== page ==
Visiting the Ghosts at Alcatraz

There is no more celebrated criminal justice institution in American culture than Alcatraz, the “escape proof” prison located in San Francisco Bay. From legendary inmates like Al Capone to legendary escape attempts, the lore of Alcatraz is alive and well today, nearly 60 years after it closed.

Alcatraz became a federal prison in 1934, and was the “Super Max” of its day, housing the most dangerous and notorious criminals. The Federal Bureau of Prisons considered it escape proof, given its location on an island surrounded by the cold and dangerous waters of San Francisco Bay. Over the years, the prison housed infamous criminals like mobster Al Capone, Arthur Barker (the son of Ma Barker), George Barnes (“Machine Gun Kelly”), Elsworth Johnson (the “Godfather of Harlem”), and Robert Stroud (“The Birdman of Alcatraz”).

Over the years the prison was in operation, there were 14 attempts to escape the island, which you can read about here. Many of the attempts were thwarted before the inmates made it to the Bay. Yet several successfully made it into the water and swam for their freedom. Despite this, federal authorities believe all of the escapees died in the water, given how difficult swimming across the Bay is, even for the most experienced swimmers.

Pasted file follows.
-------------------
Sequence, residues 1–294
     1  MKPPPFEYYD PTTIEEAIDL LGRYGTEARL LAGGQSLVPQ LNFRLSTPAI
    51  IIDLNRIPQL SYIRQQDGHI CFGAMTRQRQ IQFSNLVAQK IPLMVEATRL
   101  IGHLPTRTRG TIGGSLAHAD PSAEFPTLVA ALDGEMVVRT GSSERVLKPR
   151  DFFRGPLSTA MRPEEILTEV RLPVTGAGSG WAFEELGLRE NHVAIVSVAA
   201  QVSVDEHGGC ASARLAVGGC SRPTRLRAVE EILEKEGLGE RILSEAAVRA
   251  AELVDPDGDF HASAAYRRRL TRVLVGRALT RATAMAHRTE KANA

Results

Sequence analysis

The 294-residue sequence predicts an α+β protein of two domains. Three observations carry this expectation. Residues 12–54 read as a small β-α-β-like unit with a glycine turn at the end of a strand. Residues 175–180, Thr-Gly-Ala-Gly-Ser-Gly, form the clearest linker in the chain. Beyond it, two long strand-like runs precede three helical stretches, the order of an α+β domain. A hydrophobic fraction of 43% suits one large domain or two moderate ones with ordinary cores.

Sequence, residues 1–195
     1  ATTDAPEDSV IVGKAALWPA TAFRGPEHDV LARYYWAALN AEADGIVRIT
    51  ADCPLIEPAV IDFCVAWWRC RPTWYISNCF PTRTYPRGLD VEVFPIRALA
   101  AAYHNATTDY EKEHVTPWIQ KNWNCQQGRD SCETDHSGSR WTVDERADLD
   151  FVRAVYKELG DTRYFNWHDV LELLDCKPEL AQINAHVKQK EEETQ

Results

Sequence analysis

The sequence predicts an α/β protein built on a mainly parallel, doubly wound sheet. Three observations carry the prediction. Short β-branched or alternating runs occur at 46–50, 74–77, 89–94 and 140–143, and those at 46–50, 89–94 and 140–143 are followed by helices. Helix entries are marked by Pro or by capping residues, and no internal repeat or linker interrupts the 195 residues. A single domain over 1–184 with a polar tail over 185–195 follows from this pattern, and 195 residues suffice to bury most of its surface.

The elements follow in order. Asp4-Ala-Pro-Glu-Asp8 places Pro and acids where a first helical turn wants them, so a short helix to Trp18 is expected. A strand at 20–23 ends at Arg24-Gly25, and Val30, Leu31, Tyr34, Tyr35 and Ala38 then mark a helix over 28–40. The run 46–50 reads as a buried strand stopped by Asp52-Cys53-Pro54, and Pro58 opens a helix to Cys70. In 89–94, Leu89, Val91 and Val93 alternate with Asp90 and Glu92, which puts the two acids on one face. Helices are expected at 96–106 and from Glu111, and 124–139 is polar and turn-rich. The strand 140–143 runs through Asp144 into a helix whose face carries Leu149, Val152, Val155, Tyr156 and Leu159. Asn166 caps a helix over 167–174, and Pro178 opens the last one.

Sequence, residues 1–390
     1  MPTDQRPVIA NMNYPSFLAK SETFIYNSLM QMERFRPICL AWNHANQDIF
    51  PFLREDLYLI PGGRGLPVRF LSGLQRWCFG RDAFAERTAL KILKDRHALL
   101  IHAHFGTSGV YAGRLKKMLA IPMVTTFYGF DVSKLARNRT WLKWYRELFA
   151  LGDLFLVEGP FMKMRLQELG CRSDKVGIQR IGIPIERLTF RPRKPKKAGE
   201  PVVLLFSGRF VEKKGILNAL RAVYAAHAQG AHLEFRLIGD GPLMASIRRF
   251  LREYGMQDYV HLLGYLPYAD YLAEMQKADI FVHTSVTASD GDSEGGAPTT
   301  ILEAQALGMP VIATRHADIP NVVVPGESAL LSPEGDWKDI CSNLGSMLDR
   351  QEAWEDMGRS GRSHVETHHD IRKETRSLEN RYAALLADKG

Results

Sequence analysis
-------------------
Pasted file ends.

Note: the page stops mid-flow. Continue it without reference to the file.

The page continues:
However, to this day there is consistent speculation about the fates of three escapees – Frank Morris and brothers John and Clarence Anglin (Mae famous by the movie “Escape from Alcatraz”). Evidence of their survival has accumulated over the years, however nothing definitive enough to prove it conclusively. (You can read an excellent recap of the evidence here). Unsolved Mysteries devoted an entire episode of its first season in 1989 to the prison and the Morris/Anglin escape. They attempted to re-create the escape to see if it was possible for the men to have survived (their verdict: it is very possible they did). In addition, Adam Savage and Jamie Hyneman analyzed the escape on Mythbusters and determined it is was possible the men successfully landed at the Marin Headlands.

Today, Alcatraz is under the care of the National Park Service and is being maintained while open to the public for tours. One of San Francisco’s most popular tourist attractions, a visit to Alcatraz is a welcome flashback to an era of larger than life criminals and the ghosts of the past. Departing from Pier 33, the ferry ride is spectacular in and of itself, with amazing views of the city, the Bay, and the Golden Gate and Bay Bridges.


Alcatraz is open seven days a week for tours. Advance reservations for the ferry are strongly recommended. Visit for the schedule and more information.